<scope>import</scope>
            </dependency>
        </dependencies>
    </dependencyManagement>

    <dependencies>
        <dependency>
            <groupId>io.quarkus</groupId>
            <artifactId>quarkus-resteasy</artifactId>
        </dependency>
        <dependency>
            <groupId>io.quarkus</groupId>
            <artifactId>quarkus-resteasy</artifactId>
        </dependency>

        <dependency>
            <groupId>io.quarkus</groupId>
            <artifactId>quarkus-smallrye-metrics</artifactId>
        </dependency>
        <dependency>
            <groupId>io.quarkus</groupId>
            <artifactId>quarkus-smallrye-health</artifactId>
        </dependency>
        <dependency>
            <groupId>io.quarkus</groupId>
            <artifactId>quarkus-elytron-security-properties-file</artifactId>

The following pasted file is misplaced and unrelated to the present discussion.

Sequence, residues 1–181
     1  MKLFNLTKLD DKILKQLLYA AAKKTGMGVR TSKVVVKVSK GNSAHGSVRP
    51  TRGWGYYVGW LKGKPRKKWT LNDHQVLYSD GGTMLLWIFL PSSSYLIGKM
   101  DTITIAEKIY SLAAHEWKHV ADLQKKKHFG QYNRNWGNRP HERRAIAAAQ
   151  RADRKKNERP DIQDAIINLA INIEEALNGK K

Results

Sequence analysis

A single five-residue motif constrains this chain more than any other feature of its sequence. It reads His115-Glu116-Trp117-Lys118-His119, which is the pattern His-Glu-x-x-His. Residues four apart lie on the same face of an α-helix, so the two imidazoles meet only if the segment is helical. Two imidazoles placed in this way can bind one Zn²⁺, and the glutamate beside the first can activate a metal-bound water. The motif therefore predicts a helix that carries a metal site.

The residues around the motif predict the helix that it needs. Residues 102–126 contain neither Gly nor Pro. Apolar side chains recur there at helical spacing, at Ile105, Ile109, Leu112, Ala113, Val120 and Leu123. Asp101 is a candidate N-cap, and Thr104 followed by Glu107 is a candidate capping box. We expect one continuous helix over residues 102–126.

</dependency>

        <dependency>
            <groupId>io.quarkus</groupId>
            <artifactId>quarkus-junit5</artifactId>
            <scope>test</scope>
        </dependency>
        <dependency>
            <groupId>io.rest-assured</groupId>
            <artifactId>rest-assured</artifactId>
            <scope>test</scope>
        </dependency>
    </dependencies>

    <build>
        <plugins>
            <plugin>
                <artifactId>maven-surefire-plugin</artifactId>
                <version>${surefire-plugin.version}</version>
                <configuration>
                    <systemProperties>
                        <java.util.logging.manager>org.jboss.logmanager.LogManager</java.util.logging.manager>
                    </systemProperties>